“It’s critical that nurses are comfortable communicating with other members of a healthcare team,” Doherty said. “We created this simulation in direct response to a survey of hospitals, who told us that nurses today need these soft skills. It isn’t always comfortable for them to speak up and talk with physicians in the room or offer suggestions on what patients need, but it’s vital. With Interprofessional Teams, we are giving nurses a safe environment in which they can practice doing so.”
Doherty additionally explained that nurses get exposure in the real world to different healthcare professionals, but don’t always recognize the best ways to collaborate with them. Programs that transition Registered Nurses and Advanced Practice Registered Nurses into new practice settings, and also want to achieve accreditation from the American Nurses Credentialing Center Practice Transition Accreditation Program® (PTAP), will find Interprofessional Teams a valuable tool.
Interprofessional Teams can expand upon this by allowing learners to a great program for those wanting to earn an ANCC Practice Transition Accreditation Program. When applying for this accreditation, ANCC asks that organizations prove many standards, but one is how interprofessional teamwork is incorporated throughout their curriculum. Candidates seeking this accreditation are asked to “Describe and demonstrate how the development and application of working as a member of an interprofessional team is integrated into the program.”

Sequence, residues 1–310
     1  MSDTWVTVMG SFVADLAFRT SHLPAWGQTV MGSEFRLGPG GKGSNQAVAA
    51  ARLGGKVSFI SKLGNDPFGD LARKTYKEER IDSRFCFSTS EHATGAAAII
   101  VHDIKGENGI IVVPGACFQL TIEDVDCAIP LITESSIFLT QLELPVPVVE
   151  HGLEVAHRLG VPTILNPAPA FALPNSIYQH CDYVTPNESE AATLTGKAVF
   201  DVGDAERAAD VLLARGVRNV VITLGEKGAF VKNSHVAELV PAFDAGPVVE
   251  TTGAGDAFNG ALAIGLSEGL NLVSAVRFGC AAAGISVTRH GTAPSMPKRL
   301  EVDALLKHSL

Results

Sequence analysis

Interprofessional Teams maps to the American Association of Colleges of Nursing (AACN) Professional Competencies for BSN, MSN and DNP programs, and Quality and Safety Education for Nurses (QSEN) Competencies. The solution also aligns with the National Council Licensure Examination (NCLEX) categories of Safe and Effective Care Environment, Management of Care, and Psychosocial Integrity.